300-year-old dog feces, so well preserved that 'odour was present,' hints relationship with humans
A sample of frozen dog feces is giving researchers an idea of what the relationship between canines and humans was like in the 17th century.
Researchers from the University of British Columbia say the feces reveals what Arctic sled dogs ate, information that may help scientists understand how dogs were treated by humans at the time.
It may also help to determine how dogs' gastrointestinal health has evolved, according to UBC anthropologist Camilla Speller.
Speller is the senior author of an international study released Wednesday on the research. The study was published in the scientific journal Proceedings of the Royal Society B: Biological Sciences.
In a news release from the university, Speller said proteins were extracted from the fecal sample – a process undertaken for the first time ever.
"The recovered proteins reveal that the sled dogs consumed muscle, bone, intestines and roe from a range of salmon species including Chinook, Sockeye, Coho and Chum," Speller said.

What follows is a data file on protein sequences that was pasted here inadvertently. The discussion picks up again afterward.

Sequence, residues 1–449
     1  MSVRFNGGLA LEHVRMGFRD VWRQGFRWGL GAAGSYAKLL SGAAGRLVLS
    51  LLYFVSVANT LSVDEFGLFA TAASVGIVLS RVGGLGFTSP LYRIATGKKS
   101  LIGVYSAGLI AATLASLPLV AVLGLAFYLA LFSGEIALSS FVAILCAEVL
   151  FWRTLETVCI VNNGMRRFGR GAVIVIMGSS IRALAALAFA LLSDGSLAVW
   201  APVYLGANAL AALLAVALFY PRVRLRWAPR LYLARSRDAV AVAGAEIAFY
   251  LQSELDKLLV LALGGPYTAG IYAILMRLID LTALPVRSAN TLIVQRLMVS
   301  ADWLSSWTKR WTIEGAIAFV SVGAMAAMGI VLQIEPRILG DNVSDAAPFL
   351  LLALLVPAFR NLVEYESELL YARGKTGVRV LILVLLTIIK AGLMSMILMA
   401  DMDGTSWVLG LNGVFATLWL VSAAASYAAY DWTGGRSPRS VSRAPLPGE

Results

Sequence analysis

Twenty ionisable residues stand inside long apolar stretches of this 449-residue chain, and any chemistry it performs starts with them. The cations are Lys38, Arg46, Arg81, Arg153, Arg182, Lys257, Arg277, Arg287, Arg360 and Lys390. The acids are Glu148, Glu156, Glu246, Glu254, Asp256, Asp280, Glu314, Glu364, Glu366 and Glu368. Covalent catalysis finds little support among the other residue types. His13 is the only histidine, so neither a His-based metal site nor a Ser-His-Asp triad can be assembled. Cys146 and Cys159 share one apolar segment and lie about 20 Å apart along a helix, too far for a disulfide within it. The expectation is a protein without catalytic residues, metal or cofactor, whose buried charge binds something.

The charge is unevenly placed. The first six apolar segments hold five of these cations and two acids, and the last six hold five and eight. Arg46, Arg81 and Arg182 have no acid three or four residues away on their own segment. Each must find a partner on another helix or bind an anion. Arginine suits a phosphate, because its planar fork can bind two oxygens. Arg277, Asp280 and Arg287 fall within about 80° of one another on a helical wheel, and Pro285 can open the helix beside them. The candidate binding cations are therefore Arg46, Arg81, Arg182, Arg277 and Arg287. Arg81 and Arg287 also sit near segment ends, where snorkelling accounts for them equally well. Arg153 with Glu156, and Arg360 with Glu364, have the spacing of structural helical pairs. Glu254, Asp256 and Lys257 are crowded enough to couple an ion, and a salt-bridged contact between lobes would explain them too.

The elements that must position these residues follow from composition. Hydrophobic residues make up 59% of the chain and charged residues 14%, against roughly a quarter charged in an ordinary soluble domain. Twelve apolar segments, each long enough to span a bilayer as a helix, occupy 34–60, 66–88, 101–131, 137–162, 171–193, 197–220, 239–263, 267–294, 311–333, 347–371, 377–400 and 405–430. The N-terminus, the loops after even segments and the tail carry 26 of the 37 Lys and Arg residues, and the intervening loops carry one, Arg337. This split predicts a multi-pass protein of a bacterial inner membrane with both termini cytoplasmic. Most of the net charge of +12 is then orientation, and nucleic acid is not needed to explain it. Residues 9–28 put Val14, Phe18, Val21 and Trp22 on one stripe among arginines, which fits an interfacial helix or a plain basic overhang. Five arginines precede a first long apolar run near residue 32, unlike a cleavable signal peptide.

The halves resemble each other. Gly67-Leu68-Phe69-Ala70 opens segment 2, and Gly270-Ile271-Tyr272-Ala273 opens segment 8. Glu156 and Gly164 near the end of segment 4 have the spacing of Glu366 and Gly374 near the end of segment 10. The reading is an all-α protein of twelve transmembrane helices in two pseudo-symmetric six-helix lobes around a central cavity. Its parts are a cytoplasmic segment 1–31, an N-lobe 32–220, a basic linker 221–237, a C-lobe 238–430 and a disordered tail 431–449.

Despite being 300 years old, the sample of what UBC researchers call "paleofeces" was so well preserved in Arctic permafrost in Alaska that, as described in a news release, "odour was present when the feces were broken in half."
A lead researcher on the study, PhD student Anne Katherine Wiborg Runge, said it's only recently that the canine-human relationship has become a topic of interest for those in the field.
"In the Arctic, dogs rely exclusively on humans for food during the winter but deciphering the details of provisioning strategies has been challenging," the student from the University of York said in a statement.
She said salmon eggs suggest the feces was "deposited" in the summer.
"The dogs may have been fed differently or less frequently in summer, or been let loose to fend for themselves," Wiborg Runge said. "Working sled dogs are a particularly expensive resource, requiring up to 3.2 kg of fish or meat every day and provisioning of dogs would therefore have played a significant role in the food procurement strategies of past Arctic culture."